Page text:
State Director, Environment Massachusetts
State Director, Environment Massachusetts
Environment Massachusetts staff and interns stand with Curt Spalding, Regional Administrator for the U.S. Environmental Protection Agency’s New England Region, at an event on Boston Harbor to celebrate the Clean Water Rule.
Boston — At a spot overlooking Boston Harbor, once choked with toxic pollution but now home to some of the cleanest urban beaches in the United States, advocates gathered today to thank the Obama administration for closing loopholes in the Clean Water Act that previously left more than half of Massachusetts’ streams at risk of pollution.
“We’ve made so much progress in cleaning up our waterways, and we can’t afford to turn back the clock,” said Ben Hellerstein, State Director for Environment Massachusetts. “The EPA’s Clean Water Rule will make a big difference in protecting Boston Harbor, the Charles River, and all of the waterways we love.”
The Clean Water Rule, finalized in late May, clarifies federal protections for waterways following confusion over jurisdiction created by Supreme Court decisions in 2001 and 2006. It restores Clean Water Act protections to thousands of miles of streams that feed into iconic waterways like Boston Harbor and the Charles River and provide drinking water for 4.9 million Massachusetts residents.
Across the country, the protection of millions of acres of wetlands, vital for controlling floods and filtering pollutants, will also be clear under federal law.
“In New England, protecting our water is more important than ever, especially as we work to adapt to climate change impacts such as sea level rise and stronger storms,” said U.S. Environmental Protection Agency Regional Administrator Curt Spalding. “Protecting the most vulnerable streams and wetlands — a drinking water resource for one in three Americans — helps our communities, and this rule provides clarity for businesses and industry without creating new permitting requirements. The Clean Water Rule is based on the latest, peer reviewed science, and public input shaped the rule every step of the way.”
Prior to the release of the Clean Water Rule, small streams, headwaters and certain wetlands were in a perilous legal limbo, allowing polluters and developers to dump into them or destroy them in many cases without a permit. In a four-year period following the decisions, the U.S. Environmental Protection Agency had to drop more than 1500 cases against polluters, according to one analysis by the New York Times.
“The Clean Water Act is one of America’s great success stories, protecting Massachusetts’s environment and the public’s health,” said U.S. Senator Ed Markey. “While we have made large improvements in water quality since enactment of the Clean Water Act more than four decades ago, there is still more to do to ensure the fish from our rivers and lakes is safe to eat and our tap water is free of contaminants. The EPA has crafted a sensible rule based on comments from across the country and business sectors that will help ensure the Clean Water Act remains strong and effective for years to come.”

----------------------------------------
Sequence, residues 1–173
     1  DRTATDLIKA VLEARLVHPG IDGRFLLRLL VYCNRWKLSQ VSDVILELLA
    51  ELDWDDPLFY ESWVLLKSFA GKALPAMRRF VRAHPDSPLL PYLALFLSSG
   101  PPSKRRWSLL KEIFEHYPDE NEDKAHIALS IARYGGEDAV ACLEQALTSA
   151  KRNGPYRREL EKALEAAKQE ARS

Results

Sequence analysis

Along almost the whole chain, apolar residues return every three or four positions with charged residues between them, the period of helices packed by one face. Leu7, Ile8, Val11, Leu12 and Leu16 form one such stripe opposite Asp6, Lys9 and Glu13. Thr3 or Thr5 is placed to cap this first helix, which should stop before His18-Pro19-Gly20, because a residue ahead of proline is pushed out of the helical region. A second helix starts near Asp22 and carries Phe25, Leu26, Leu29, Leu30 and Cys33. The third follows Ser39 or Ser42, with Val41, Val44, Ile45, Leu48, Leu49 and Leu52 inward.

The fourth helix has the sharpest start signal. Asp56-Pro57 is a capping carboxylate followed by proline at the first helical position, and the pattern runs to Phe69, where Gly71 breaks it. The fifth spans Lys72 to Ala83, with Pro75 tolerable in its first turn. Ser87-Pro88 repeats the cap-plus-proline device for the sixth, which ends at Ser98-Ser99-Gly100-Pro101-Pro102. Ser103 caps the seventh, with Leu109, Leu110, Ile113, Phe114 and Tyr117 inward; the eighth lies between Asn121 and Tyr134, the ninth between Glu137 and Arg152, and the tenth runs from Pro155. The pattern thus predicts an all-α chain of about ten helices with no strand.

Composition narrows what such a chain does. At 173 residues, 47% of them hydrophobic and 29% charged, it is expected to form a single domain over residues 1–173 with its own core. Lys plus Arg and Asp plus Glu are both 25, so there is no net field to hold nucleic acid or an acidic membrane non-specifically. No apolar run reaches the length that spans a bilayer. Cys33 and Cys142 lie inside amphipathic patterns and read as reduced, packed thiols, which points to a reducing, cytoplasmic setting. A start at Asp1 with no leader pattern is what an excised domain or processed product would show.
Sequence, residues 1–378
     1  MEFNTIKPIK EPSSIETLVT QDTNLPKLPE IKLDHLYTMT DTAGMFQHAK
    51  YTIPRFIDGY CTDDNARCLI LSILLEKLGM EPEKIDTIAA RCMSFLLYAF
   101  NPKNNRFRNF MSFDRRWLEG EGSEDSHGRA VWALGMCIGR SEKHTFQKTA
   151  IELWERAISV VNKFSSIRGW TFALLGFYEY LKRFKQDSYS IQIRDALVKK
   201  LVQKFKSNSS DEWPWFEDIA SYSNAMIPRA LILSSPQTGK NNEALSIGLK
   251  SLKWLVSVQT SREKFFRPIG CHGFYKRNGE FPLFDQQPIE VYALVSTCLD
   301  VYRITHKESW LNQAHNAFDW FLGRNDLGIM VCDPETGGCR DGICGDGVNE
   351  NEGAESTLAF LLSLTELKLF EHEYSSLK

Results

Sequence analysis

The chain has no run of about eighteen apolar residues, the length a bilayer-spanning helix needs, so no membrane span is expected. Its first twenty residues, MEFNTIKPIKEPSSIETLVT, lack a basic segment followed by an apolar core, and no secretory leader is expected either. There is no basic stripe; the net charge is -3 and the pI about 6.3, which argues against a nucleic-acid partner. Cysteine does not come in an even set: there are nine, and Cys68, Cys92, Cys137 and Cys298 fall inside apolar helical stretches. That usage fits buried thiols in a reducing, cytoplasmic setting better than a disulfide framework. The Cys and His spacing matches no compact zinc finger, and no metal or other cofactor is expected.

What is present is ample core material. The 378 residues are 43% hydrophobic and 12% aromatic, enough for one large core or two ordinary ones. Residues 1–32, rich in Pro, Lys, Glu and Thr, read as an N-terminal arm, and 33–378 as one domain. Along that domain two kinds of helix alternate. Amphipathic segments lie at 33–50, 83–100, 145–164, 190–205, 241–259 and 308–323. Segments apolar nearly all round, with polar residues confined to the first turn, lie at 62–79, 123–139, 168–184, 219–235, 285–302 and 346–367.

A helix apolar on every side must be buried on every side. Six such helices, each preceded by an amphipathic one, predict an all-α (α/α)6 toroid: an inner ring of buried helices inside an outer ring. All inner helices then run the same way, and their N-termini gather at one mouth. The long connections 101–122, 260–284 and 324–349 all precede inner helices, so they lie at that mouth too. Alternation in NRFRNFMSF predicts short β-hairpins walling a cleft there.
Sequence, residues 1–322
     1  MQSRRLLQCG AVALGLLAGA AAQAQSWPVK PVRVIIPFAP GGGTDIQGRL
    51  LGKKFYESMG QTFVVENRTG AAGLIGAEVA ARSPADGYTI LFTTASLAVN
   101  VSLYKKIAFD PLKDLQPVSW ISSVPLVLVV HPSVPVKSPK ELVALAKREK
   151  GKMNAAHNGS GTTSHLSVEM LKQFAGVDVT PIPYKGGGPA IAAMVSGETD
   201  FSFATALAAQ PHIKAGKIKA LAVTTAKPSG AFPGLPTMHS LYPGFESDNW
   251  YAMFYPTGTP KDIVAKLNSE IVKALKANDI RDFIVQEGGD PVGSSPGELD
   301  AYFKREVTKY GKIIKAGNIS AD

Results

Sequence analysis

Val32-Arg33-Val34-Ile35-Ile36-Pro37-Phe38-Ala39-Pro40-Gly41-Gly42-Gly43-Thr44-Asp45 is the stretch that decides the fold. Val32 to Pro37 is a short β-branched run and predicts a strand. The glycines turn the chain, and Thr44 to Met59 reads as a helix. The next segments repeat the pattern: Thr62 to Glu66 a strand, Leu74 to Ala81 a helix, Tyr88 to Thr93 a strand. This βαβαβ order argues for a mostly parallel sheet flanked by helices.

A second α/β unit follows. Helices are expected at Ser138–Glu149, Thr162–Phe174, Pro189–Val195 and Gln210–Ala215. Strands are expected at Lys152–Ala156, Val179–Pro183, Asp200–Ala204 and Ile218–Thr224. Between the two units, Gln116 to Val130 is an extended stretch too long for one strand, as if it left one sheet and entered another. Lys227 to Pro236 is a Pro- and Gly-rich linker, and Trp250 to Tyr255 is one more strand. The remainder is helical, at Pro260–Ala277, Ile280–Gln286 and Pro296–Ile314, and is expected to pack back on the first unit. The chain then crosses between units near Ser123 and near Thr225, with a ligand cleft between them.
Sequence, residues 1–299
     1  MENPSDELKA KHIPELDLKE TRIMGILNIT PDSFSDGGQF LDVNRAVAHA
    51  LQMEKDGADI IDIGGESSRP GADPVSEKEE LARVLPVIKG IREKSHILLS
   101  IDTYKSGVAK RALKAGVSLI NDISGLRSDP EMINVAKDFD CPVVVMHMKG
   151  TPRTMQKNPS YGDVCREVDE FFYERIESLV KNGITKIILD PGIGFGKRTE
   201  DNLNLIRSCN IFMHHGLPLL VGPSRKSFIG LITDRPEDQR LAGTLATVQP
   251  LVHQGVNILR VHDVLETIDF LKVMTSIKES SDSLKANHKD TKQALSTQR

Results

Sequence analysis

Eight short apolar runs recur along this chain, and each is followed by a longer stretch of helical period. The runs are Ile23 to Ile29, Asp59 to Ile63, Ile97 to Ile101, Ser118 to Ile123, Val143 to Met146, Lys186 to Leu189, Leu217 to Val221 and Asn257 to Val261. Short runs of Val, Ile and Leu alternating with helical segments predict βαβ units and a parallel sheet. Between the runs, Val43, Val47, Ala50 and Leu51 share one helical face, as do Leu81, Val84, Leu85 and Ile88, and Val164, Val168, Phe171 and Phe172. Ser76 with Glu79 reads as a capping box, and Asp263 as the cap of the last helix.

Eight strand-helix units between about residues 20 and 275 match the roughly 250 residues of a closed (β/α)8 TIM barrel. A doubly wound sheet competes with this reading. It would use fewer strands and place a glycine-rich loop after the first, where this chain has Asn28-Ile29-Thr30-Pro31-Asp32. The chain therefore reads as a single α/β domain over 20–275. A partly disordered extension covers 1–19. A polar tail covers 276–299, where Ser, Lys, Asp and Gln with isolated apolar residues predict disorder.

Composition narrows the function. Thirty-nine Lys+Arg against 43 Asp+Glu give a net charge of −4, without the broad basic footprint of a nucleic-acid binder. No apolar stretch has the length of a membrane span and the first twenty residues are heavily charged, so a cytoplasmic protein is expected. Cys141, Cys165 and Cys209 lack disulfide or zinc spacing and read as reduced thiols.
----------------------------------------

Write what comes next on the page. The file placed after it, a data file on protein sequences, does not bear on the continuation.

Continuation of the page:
Prior to the passage of the Clean Water Act in 1972, Massachusetts’ waterways suffered from decades of pollution and neglect. As late as the 1980s, untreated sewage was regularly dumped into Boston Harbor, and high concentrations of industrial pollutants posed a public health risk.
The Clean Water Act prompted a major cleanup of the Harbor. Today, Boston boasts some of the cleanest urban beaches in the nation, and wildlife habitat has significantly improved.
Advocates pointed out that the Clean Water Act has enabled similar improvements in water quality in many of Massachusetts’ most iconic waterways, from the Charles River to the Connecticut River.
“The dramatic improvement in Charles River water quality over the past two decades is a direct result of Clean Water Act enforcement,” said Bob Zimmerman, Executive Director of the Charles River Watershed Association. “The EPA’s Clean Water Rule will help us in our efforts to fully restore the health of the Charles.”
Despite broad public support for clean water, polluting industries and some members of Congress are fighting to block implementation of the Clean Water Rule. In recent weeks, Congressional committees have approved multiple bills aimed at rolling back the Clean Water Rule.
Environment Massachusetts, in partnership with its affiliates in other states, has launched a far-reaching public outreach effort aimed at countering misinformation from polluters and mobilizing support behind the Clean Water Rule.
Through door-to-door outreach, Environment Massachusetts staff members have already educated tens of thousands of people about the Clean Water Rule this summer, and collected thousands of petition signatures supporting the rule.
These citizen supporters join more than 800,000 Americans, including over a thousand farmers, mayors, and small business owners, who have spoken out in support of the rule.
“Clean water matters to Massachusetts,” said Hellerstein. “We’re grateful to the Obama administration for taking this step forward, and we’re proud to help defend the Clean Water Rule against any and all attacks.”
Environment Massachusetts is a statewide, citizen-supported environmental advocacy organization working to protect clean air, clean water, and open space.